The Attorney General’s Report, Murky Waters: Increasing Transparency and Accountability in the National Flood Insurance Program, Findings and Recommendations in the Wake of Superstorm Sandy, identifies several fundamental flaws related to both the scope of coverage and the structural damage assessment process under the NFIP, and calls for the immediate implementation of specific reforms.

Flaws in the NFIP identified by the OAG include:

  • A lack of clarity in the scope of coverage under the Standard Flood Insurance Policy;
  • Inadequate training and lack of certification requirements for structural engineers retained in connection with flood claims; and
  • Poor administration and supervision of the flood claims process, including the failure to provide important documentation to policyholders.

Reforms to the NFIP recommended by OAG include:

  • Increase the transparency and clarify the scope of flood insurance coverage and any applicable exclusions, to provide consumers with a better understanding of what is and is not covered under their flood policy, through the creation of a plain language disclosure sheet;
  • Provide policyholders with all documents created during the course of the flood claim administration process and ultimately relied upon in determining payment or denial of a flood claim, including all final adjuster and engineering reports, as a matter of course;
  • Implement a national certification process for all engineers retained to provide structural damage assessments in the wake of a flood event; and
  • Ensure the transparency of fees paid to engineering experts by implementing a standardized fee schedule for all engineering services.

This is a victory for those flooded by Superstorm Sandy who were victims of the fraudulent tactics used to deny or under pay their claims. Hopefully, we’ll see some real changes to the way in which flood claims are handled in the future.

As always, I’ll leave you with a (mildly) related tune, here’s John Lennon with Instant Karma:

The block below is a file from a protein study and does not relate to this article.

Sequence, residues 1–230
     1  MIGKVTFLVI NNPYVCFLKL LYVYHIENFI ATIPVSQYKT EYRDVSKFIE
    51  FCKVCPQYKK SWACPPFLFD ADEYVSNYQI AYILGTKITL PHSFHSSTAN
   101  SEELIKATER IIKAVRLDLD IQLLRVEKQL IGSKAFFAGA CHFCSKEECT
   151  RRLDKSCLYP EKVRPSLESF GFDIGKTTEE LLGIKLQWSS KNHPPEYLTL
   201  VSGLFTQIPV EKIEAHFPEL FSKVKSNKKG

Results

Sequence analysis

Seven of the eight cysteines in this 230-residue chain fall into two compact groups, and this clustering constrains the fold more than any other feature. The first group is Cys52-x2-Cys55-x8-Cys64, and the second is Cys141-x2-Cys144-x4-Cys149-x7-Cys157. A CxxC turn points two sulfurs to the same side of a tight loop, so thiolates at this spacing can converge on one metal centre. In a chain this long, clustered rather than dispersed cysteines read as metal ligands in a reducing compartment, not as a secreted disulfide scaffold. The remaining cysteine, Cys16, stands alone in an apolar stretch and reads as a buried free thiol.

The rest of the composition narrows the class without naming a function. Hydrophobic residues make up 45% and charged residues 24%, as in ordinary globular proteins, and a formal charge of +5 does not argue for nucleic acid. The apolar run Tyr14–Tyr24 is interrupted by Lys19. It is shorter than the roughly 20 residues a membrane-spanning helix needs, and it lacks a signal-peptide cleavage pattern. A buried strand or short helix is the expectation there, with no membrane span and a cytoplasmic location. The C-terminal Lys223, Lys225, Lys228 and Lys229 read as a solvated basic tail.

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[1] https://ag.ny.gov/press-release/ag-schneiderman-announces-felony-conviction-engineering-firm-manager-making

[2] Id.

[3] Id.

  • shirley heflin

    Dear Mr. Mathis:

    Did I read this correctly? All this guy is getting is a $10,000.00 fine, 3 years probation and he’s forbidden from ever having FEMA contracts again? How about adding totally losing his license, closing his business down and not having contracts w/anyone ever again? And the prosecution receiving $225,000.00 in costs? That’s a lot of costs, but they can probably truthfully itemize them. It says he hasn’t been formally sentenced yet and the “proposed punishment” is probably the result of a plea deal, but I think it’s a little light.

    It’s scary knowing there are businesses like this out there, but there are.

    • Jim

      I agree, a $10,000 fine is a drop in the bucket for this fraudster. They should pull every report he falsified, figure out how much he hurt the people and pay that amount to them, lose his license for ever and not be allowed to do any further work for any insurance company.
      WE all know that there are a large amount of engineers out there that are “whores” for insurance carriers and write a report favorable to them every day. This needs to done all over the country.